A Leon County judge Thursday removed a major part of a lawsuit that contests how lawmakers decided to spend money that voters approved last year for land buying and preservation.
However, an attorney for four environmental groups challenging the state's spending called the ruling a victory.
"We're in this case," said David Guest, managing attorney for the environmental law firm Earthjustice. "They tried to take us down. The way I see this game right now is that we're at the first half and it's 14-to-nothing for the good guys."
Circuit Judge George Reynolds accepted a motion from the state to dismiss part of the lawsuit that sought a court order requiring state Chief Financial Officer Jeff Atwater to transfer $237 million from the general-revenue fund to what is known as the Land Acquisition Trust Fund.
The environmental groups -- the Florida Wildlife Federation, the St. Johns Riverkeeper, the Environmental Confederation of Southwest Florida and the Sierra Club -- contend the money was improperly diverted from conservation purposes to agency staffing and operational expenses.
Richard T. Donelan, an attorney for the chief financial officer, argued that such a court directive would go against the constitutional structure of state government.
"We are the executive branch, not the legislative branch," Donelan said. "We cannot exercise fundamental legislative decisions about from where to take money to pay for expenditures of the state."
The ruling doesn't end the lawsuit, which is one of two that contends lawmakers during a 2015 special session misspent money from the 2014 ballot initiative known as Amendment 1. The initiative requires that 33 percent of the proceeds from an existing real-estate tax, known as documentary stamps, go for land and water maintenance and acquisition across Florida.
Guest was given 20 days to amend the lawsuit, which was filed in June. Guest said after the hearing the attempt to move the money to the trust fund may now be redirected at the Legislature.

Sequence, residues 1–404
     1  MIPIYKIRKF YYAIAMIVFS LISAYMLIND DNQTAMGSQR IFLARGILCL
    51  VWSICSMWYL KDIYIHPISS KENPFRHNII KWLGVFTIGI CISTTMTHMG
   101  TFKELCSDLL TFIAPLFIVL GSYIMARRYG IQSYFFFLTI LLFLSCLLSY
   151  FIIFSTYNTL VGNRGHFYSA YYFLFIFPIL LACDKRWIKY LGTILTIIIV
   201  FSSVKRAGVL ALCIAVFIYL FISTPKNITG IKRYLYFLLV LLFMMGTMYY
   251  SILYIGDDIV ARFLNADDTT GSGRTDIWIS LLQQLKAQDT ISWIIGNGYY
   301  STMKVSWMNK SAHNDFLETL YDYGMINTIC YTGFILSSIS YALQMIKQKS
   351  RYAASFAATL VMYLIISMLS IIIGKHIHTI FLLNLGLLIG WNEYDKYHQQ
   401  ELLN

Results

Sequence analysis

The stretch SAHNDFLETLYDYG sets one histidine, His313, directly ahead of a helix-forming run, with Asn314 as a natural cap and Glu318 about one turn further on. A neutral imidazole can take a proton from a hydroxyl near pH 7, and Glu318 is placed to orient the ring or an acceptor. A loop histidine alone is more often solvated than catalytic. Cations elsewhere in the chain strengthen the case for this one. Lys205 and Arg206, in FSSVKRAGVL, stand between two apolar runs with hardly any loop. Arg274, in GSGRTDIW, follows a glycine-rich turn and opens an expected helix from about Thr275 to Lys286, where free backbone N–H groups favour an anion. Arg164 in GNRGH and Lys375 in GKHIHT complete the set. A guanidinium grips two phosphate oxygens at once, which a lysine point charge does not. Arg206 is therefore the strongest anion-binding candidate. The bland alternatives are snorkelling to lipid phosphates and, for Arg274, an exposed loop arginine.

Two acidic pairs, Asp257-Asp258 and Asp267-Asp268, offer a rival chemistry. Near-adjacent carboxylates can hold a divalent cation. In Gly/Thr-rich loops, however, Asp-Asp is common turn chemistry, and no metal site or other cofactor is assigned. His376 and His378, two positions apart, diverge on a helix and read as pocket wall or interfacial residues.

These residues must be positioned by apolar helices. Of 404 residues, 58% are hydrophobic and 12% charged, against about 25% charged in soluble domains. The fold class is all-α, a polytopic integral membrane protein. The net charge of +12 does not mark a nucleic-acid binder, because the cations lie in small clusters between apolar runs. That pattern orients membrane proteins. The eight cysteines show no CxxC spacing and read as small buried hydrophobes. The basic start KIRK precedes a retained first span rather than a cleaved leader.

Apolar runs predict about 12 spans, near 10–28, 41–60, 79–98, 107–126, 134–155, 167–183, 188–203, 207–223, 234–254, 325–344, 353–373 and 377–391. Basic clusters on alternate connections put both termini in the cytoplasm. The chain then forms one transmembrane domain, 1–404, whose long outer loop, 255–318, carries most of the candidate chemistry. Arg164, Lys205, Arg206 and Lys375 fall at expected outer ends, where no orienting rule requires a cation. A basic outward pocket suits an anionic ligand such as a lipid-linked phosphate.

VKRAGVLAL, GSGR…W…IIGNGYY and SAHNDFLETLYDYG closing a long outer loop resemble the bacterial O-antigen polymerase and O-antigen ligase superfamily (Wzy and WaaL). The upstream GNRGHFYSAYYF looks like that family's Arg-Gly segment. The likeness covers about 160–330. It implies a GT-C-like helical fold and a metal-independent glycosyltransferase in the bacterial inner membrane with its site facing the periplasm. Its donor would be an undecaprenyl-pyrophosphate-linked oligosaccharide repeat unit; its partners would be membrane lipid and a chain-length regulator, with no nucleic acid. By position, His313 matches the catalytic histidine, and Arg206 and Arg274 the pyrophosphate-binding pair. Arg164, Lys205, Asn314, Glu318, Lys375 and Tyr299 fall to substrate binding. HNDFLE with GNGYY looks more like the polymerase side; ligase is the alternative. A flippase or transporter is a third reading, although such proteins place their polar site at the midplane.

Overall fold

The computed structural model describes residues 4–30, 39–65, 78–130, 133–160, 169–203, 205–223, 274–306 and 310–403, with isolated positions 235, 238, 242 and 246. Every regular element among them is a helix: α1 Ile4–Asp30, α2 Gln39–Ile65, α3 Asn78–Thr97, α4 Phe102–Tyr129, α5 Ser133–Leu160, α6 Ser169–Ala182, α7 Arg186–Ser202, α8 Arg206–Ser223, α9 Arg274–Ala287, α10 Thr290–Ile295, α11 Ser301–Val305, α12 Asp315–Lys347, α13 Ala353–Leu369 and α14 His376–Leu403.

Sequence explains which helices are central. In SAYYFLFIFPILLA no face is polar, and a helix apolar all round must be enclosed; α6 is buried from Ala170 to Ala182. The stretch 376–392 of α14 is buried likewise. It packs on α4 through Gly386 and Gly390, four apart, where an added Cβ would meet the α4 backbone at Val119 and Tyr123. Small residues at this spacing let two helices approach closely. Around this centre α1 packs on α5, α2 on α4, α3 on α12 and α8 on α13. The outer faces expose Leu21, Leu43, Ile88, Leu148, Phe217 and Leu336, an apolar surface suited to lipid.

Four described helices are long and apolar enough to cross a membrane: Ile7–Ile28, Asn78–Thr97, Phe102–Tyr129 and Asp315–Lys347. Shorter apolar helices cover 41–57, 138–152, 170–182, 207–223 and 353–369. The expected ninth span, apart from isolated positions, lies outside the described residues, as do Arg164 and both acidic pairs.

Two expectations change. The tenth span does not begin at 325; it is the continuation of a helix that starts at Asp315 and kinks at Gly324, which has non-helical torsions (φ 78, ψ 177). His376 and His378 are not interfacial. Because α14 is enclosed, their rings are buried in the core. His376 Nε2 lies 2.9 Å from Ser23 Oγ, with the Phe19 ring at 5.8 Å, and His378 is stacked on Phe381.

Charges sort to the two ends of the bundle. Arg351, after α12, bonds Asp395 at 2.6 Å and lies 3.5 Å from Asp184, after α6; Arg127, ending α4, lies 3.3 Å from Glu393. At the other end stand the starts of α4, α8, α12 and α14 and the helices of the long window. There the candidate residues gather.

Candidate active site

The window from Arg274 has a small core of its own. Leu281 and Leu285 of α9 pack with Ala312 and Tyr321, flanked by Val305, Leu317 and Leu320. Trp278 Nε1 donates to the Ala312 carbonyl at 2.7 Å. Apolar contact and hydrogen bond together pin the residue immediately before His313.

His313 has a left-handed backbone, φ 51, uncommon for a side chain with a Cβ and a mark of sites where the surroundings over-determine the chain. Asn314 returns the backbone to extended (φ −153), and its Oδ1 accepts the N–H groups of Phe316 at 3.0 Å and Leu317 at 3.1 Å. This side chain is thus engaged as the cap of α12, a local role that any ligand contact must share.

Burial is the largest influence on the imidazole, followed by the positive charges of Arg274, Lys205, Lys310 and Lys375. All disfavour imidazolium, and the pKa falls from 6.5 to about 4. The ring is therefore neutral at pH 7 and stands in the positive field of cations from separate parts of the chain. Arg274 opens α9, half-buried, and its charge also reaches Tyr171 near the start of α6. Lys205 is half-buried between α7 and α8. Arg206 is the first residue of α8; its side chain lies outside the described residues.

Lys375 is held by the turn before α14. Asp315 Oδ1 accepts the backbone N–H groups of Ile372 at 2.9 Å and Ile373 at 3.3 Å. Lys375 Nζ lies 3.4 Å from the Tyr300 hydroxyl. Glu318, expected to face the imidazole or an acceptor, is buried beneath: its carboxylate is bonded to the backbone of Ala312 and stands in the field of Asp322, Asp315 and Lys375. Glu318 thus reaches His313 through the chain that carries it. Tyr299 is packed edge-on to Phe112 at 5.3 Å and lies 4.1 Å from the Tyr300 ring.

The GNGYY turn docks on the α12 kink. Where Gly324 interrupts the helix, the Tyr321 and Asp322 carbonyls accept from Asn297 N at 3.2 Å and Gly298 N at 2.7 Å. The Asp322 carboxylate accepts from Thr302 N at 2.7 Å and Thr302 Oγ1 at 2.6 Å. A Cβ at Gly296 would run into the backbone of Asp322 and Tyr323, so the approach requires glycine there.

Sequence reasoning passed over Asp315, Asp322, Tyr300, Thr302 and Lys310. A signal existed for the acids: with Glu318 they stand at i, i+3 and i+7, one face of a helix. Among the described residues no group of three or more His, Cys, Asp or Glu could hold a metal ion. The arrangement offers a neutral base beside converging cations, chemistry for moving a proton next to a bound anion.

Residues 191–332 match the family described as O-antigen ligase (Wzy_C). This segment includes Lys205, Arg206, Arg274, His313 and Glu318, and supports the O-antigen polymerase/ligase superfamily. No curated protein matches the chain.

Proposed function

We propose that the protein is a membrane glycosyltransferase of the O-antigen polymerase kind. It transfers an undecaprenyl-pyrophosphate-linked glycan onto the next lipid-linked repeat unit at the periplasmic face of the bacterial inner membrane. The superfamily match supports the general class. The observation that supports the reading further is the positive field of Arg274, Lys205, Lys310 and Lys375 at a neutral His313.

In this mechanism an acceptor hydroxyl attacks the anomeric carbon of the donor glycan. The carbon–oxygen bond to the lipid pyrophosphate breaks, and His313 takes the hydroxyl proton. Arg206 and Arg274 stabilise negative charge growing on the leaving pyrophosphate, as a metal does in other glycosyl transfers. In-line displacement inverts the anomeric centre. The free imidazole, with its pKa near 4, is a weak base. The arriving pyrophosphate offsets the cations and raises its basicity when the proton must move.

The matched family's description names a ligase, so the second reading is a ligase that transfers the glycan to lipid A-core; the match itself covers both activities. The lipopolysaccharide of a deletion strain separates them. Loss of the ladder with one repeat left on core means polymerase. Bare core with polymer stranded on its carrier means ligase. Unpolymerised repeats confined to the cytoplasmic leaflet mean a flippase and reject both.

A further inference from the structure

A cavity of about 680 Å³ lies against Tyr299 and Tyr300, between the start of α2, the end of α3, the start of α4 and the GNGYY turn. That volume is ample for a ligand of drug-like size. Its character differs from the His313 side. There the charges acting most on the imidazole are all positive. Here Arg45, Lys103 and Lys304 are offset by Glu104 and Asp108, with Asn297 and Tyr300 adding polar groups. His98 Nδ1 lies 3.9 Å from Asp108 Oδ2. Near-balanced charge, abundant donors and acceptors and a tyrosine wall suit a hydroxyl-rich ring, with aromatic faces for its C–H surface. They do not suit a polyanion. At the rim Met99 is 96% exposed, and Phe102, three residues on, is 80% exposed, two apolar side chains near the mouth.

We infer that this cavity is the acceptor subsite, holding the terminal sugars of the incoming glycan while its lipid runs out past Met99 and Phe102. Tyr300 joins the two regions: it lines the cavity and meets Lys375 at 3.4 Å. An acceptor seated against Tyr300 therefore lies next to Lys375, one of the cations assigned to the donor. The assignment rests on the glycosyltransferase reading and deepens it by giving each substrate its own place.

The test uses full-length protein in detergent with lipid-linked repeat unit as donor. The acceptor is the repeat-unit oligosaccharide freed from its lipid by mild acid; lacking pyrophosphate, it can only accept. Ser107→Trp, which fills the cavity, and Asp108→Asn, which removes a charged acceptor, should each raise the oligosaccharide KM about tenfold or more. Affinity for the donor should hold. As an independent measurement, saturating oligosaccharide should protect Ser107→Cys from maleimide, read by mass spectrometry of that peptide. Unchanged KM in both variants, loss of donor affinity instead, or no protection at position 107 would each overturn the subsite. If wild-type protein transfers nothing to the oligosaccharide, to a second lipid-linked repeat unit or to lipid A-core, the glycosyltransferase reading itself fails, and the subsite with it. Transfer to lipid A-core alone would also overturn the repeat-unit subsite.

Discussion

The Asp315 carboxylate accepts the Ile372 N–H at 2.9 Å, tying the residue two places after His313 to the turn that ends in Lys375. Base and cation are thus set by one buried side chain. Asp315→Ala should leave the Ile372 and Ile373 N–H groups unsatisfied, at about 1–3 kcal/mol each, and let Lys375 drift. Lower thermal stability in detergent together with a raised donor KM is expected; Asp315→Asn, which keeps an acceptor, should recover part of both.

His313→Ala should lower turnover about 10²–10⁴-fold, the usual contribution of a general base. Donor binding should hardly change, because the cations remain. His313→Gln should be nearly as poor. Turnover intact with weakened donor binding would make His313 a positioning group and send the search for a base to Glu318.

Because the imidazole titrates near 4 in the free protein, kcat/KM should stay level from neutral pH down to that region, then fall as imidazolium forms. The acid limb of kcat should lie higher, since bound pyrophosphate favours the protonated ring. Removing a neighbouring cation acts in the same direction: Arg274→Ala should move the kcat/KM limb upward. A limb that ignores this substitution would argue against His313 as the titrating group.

Guest claimed victory as Reynolds denied a request by the state to dismiss the entire lawsuit, which also contends the House and Senate defied a constitutional mandate on spending the money for land and water conservation.
Representing the Legislature, attorney Andy Bardos argued the funding decisions are at the discretion of lawmakers.
After the hearing Bardos would only say, "We're pleased that the court dismissed count two."
Environmentalists have been disappointed that more of the money wasn't allocated in the current year for land acquisition.
The second lawsuit, filed Nov. 12 by a Gainesville-based group, the Florida Defenders of the Environment, wants a Leon County circuit judge to block the Department of Environmental Protection, the Department of State, the Department of Agriculture and Consumer Services and the Fish and Wildlife Conservation Commission from spending the dollars in the current fiscal year.
The Florida House proposed Tuesday that at least 25 percent of the Amendment 1 dollars annually be used for Everglades restoration and other previously approved South Florida water projects. Otherwise the House and Senate are expected to take a similar approach to allocating Amendment 1 dollars next year.